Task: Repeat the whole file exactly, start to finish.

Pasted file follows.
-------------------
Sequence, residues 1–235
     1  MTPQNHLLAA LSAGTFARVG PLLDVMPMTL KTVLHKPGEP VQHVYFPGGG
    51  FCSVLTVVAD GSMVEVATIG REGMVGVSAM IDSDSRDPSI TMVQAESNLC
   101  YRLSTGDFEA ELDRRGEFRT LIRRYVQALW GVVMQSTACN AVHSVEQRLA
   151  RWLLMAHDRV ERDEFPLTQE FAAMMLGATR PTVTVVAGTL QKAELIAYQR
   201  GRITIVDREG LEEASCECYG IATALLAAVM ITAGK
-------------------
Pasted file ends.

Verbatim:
Sequence, residues 1–235
     1  MTPQNHLLAA LSAGTFARVG PLLDVMPMTL KTVLHKPGEP VQHVYFPGGG
    51  FCSVLTVVAD GSMVEVATIG REGMVGVSAM IDSDSRDPSI TMVQAESNLC
   101  YRLSTGDFEA ELDRRGEFRT LIRRYVQALW GVVMQSTACN AVHSVEQRLA
   151  RWLLMAHDRV ERDEFPLTQE FAAMMLGATR PTVTVVAGTL QKAELIAYQR
   201  GRITIVDREG LEEASCECYG IATALLAAVM ITAGK